Arlington, Va. New legislation introduced in the House by Representative William Delahunt (D-MA) could provide an infusion of revenue for states struggling to balance their books without raising taxes, according to the Retail Industry Leaders Association (RILA).
The bill, the Main Street Fairness Act of 2010, will also address the nearly two decades of disparity between traditional "brick- and-mortar" retail stores and online-only retailers that in most cases are not required to collect sales taxes from their customers.
Rep. Delahunt's federal legislation plans to address this by giving Congress' consent to the simplified sales-tax collection system adopted currently by 23 states to ensure the fair and equitable collection of sales taxes across the board, RILA said.
"This legislation is an important step forward for both our economy and retail industry, which employs nearly 15 million workers across the country," said Joe Rinzel, VP for state government relations. "Leveling the playing field ensures that all Main Street businesses do not continue to face a significant competitive disadvantage by having to collect taxes on their sales, while Internet-only businesses escape that responsibility. This is an issue of fairness for both businesses and consumers."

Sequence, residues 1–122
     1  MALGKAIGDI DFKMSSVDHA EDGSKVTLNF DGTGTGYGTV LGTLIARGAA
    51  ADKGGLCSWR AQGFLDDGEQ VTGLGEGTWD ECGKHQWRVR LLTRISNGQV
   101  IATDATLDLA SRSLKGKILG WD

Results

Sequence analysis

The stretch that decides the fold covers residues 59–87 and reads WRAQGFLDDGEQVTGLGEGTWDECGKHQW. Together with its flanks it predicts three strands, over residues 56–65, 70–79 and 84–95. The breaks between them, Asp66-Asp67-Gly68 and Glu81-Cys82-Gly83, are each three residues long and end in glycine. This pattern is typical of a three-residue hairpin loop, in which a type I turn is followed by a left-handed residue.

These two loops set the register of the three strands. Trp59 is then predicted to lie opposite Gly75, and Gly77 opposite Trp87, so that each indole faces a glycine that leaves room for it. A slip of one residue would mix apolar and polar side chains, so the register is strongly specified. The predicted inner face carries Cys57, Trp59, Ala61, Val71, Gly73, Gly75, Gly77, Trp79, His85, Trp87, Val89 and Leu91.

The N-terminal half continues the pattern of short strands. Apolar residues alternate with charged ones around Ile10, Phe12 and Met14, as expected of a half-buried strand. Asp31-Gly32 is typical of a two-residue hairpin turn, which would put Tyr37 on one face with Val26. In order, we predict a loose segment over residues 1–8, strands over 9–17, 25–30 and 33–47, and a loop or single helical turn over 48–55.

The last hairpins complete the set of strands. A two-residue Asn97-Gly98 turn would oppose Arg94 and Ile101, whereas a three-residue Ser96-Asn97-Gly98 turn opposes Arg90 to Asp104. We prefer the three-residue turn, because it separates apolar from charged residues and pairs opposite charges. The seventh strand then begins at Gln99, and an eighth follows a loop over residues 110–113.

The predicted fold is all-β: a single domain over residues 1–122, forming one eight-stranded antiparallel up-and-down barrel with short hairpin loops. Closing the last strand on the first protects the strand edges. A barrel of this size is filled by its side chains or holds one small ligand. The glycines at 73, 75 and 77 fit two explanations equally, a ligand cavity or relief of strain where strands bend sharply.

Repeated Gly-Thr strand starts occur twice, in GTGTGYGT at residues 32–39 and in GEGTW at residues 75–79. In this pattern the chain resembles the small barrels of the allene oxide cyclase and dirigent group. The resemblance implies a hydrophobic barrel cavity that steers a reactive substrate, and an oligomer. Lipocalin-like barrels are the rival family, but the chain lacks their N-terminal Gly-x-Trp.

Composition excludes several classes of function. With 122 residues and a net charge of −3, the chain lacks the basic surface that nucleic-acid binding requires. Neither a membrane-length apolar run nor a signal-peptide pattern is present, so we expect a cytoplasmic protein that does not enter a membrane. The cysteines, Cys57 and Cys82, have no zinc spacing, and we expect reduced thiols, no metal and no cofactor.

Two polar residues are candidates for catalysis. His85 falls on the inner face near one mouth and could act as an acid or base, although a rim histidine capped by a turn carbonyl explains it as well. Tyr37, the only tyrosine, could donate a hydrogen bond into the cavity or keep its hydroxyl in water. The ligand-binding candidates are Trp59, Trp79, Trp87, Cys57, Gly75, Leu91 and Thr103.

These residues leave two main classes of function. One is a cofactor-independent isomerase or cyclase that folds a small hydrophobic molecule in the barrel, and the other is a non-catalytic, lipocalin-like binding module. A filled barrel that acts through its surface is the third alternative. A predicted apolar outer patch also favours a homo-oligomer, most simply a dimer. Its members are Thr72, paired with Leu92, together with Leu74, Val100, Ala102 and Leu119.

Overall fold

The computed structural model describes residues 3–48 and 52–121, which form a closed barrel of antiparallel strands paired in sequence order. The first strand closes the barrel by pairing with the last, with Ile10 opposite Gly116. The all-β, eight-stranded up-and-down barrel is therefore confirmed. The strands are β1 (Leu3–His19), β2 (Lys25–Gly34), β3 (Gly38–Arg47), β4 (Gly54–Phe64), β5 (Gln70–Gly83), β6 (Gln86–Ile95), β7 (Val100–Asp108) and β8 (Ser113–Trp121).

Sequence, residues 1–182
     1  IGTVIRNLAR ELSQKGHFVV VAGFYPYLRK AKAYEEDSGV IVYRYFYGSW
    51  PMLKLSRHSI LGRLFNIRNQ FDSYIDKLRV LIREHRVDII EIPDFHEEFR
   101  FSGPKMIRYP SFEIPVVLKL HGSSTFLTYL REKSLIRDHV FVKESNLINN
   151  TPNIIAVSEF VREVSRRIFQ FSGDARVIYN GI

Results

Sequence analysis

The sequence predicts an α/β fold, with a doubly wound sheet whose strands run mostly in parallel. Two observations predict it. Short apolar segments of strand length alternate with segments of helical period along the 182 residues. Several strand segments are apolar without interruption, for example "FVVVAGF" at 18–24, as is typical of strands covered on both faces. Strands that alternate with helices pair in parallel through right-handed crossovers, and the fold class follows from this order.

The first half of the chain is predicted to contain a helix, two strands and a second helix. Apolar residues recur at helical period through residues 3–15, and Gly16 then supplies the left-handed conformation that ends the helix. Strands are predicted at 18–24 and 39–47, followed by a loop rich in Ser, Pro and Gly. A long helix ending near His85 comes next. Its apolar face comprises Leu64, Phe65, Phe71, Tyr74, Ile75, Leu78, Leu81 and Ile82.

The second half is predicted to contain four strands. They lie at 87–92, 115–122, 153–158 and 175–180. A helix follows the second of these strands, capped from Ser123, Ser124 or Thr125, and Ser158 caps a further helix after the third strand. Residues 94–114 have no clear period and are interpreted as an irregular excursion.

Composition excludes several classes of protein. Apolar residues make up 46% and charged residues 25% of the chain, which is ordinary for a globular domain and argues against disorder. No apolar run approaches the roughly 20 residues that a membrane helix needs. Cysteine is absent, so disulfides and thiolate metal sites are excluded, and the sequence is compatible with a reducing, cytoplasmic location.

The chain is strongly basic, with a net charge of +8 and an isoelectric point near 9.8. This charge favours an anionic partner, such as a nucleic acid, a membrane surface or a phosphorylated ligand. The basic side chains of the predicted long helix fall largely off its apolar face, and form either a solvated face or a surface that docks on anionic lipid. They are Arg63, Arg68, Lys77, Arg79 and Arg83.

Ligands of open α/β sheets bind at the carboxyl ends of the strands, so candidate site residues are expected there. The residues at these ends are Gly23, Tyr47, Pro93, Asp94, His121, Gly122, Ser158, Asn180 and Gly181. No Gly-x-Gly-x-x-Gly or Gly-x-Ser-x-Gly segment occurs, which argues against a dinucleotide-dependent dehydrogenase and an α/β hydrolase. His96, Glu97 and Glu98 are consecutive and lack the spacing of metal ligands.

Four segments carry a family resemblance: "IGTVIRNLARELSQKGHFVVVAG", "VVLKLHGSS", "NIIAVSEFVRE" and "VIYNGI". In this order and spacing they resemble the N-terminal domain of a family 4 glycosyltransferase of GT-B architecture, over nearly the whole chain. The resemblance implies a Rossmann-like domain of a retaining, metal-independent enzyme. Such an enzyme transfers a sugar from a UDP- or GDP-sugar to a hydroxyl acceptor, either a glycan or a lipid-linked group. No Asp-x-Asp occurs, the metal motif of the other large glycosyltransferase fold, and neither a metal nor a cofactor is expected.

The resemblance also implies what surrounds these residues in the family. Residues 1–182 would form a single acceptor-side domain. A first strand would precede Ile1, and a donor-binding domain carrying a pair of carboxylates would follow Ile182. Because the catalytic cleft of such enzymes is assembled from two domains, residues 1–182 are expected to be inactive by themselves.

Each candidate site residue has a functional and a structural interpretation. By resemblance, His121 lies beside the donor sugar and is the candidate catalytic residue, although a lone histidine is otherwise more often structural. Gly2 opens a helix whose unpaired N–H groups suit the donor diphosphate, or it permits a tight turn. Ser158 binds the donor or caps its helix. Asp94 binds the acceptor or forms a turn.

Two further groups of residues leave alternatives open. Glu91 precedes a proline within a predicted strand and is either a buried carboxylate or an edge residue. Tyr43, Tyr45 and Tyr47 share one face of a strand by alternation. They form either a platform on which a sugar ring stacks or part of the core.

Antiquated rules currently allow online retailers without a "physical presence" in a state to skirt the obligation of collecting state sales taxes. However, online transactions are still subject to each state's respective sales tax. This loophole puts the burden on the consumer to report the sales tax owed from an online transaction on their state income tax return--a confusing burden largely unknown or overlooked by most consumers come tax season, RILA said.